The Cretaceous World-TCN. Integrated Digitized Biocollections (iDigBio) Summit VII, University of Florida, Gainesville, FL, November 2, 2017 (presented by Bruce S. Lieberman).
Digitizing fossils to enhance macroevolutionary research: The Paleoniches and Cretaceous World Thematic Collection Networks. Topical session on Natural History Museums in the 21st Century—Programming for the Future while Preserving the Past I. Geological Society of America Annual Meeting, Seattle, WA, October 25, 2017 (presented by Bruce S. Lieberman).
Relating ecology to macroevolution using metabolic rates of Neogene mollusc communities. Topical session on Biodiversity dynamics in the face of environmental change: Integrating paleontological and neontological approaches to macroevolution II. Geological Society of America Annual Meeting, Seattle, WA, October 22, 2017 (presented by Luke Strotz).
The Cretaceous World-TCN. Integrated Digitized Biocollections (iDigBio) Summit VI, Tech Town, Chattanooga, TN, November 2, 2016 (presented by Bruce S. Lieberman).
Other project documentation
Digitization PEN: Expanding and Enhancing a TCN Digitizing Fossils to Reconstruct Evolving Ecosystems the Cretaceous Western Interior Seaway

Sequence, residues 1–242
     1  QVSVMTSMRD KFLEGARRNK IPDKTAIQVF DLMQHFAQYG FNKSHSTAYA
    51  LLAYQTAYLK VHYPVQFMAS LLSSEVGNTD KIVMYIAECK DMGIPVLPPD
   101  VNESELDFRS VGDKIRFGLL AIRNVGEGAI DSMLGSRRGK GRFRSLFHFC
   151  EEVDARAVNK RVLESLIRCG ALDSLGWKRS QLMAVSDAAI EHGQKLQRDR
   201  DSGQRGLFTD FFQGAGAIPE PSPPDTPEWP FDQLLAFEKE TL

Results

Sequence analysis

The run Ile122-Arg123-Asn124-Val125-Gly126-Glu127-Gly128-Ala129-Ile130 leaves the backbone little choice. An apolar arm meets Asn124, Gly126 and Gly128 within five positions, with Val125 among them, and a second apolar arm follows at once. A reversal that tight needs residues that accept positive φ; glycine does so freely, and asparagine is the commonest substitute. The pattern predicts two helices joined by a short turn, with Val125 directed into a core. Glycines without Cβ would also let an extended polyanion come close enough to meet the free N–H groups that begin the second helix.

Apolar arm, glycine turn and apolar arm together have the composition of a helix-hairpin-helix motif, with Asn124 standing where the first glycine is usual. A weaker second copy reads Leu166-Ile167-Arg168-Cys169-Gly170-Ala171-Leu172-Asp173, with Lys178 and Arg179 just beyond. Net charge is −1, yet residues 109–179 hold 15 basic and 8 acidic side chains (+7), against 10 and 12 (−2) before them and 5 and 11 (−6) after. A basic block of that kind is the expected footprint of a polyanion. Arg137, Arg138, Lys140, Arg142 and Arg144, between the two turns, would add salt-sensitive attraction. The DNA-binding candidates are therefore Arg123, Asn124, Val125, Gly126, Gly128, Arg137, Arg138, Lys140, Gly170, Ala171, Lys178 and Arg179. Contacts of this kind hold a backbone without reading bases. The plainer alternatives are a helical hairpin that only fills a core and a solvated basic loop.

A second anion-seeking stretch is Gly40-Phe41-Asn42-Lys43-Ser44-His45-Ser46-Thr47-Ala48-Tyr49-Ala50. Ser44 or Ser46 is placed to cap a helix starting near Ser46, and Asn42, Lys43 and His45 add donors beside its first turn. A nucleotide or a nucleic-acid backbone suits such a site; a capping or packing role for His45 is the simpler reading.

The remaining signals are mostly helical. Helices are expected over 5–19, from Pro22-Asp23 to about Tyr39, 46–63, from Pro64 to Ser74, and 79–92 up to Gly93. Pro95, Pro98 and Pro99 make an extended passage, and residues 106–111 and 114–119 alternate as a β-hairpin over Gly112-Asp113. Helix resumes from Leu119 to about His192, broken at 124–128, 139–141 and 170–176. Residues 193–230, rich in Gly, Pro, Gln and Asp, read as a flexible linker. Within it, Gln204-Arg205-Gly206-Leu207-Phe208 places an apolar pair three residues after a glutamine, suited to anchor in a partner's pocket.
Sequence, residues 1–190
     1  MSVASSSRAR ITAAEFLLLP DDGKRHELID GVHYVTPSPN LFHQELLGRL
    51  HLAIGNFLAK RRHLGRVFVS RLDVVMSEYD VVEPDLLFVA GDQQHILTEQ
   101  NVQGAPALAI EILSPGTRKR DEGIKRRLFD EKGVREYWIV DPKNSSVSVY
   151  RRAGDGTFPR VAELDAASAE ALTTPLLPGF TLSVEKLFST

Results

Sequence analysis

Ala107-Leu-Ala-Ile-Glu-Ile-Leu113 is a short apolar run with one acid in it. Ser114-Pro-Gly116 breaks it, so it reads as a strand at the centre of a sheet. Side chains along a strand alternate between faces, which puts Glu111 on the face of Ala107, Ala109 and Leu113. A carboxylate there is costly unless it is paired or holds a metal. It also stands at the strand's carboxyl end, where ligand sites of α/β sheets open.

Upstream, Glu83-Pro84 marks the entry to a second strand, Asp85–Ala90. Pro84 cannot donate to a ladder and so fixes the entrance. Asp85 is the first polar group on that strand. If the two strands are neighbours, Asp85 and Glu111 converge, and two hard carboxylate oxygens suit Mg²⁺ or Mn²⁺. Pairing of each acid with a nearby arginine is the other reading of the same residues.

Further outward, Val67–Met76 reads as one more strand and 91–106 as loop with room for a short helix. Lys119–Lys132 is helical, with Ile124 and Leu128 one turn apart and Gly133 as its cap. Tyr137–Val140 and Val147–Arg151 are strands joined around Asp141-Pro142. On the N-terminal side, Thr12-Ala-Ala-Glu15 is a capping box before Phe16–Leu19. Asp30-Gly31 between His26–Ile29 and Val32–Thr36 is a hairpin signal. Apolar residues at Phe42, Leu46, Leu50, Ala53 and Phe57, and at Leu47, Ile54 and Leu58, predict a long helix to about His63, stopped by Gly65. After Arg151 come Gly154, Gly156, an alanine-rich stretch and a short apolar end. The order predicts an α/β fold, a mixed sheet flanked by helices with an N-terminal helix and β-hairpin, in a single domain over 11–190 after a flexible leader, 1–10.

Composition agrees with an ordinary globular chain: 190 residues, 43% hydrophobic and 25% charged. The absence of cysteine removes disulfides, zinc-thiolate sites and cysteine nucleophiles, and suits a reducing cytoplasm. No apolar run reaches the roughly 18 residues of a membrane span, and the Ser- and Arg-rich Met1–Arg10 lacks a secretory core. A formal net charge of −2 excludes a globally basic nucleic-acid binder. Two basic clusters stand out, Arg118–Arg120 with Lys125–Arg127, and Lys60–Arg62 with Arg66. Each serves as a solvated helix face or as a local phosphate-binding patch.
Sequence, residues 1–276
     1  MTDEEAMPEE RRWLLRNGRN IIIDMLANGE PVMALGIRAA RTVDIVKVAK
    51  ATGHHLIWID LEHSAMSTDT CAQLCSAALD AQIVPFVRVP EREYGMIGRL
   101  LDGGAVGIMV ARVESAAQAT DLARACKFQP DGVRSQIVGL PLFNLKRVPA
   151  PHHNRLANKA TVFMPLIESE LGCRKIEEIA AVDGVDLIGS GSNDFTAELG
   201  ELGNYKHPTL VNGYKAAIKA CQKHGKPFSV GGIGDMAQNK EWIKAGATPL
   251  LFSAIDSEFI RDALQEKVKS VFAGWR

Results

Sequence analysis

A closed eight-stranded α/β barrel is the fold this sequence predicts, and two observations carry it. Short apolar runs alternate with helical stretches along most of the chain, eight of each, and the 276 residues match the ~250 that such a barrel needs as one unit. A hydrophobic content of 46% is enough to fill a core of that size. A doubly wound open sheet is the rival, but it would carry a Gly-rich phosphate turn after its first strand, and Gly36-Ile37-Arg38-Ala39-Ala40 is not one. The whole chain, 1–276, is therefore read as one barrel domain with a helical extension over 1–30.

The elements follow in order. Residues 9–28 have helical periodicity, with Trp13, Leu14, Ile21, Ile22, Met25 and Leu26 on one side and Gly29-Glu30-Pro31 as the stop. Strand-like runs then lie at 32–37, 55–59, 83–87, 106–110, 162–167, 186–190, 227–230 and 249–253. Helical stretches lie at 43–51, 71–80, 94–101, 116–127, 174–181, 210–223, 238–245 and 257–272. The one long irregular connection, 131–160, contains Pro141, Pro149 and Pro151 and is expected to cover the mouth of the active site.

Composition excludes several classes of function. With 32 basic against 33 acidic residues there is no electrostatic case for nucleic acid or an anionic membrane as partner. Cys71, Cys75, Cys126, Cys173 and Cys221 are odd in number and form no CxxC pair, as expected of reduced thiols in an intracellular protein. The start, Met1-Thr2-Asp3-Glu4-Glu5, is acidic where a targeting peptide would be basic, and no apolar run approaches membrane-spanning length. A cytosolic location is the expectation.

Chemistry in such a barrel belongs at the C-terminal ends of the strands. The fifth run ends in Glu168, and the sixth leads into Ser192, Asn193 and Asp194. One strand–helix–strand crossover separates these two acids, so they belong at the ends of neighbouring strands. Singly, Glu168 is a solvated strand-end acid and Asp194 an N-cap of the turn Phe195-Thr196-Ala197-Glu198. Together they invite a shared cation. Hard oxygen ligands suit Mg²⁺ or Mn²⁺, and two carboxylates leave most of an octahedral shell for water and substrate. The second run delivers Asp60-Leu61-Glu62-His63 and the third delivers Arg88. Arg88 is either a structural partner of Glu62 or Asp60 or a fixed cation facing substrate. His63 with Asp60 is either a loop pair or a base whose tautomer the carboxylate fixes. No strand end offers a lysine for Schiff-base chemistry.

The Sam Noble Museum (SNM) of the University of Oklahoma will join a Thematic Collections Network (TCN) of ten other institutions with extensive holdings of fossils from rocks that formed in a shallow sea, termed the Western Interior Seaway, which bisected North America during the late Cretaceous Period (65-100 million years ago). The late Cretaceous was a time of warmer, "greenhouse" climates and higher sea levels than those of today, and environments may have been similar to those predicted for the middle of the next century under some scenarios of anthropogenic greenhouse gas emissions. The data made available through this TCN offer an opportunity to answer a variety of questions dealing with the impact of climatic and sea level change on marine communities, and may provide critical information for predicting future outcomes for modern marine biodiversity. This project will digitize collection data from the SNM and make them accessible to the scientific community, industry, K-16 educators and students, and the public via a variety of web portals. Additional societal impacts of the project are made through a collaboration with the Education Department at the SNM, which will develop a field- and lab-based teacher workshop and web resources, and produce curricula that focus on biotic and environmental change over time, including sea level change, continental drift and other geological phenomena. The project also contributes to training of university students in modern digitization techniques and the generation of biodiversity data from museum collections, with up to five students participating annually.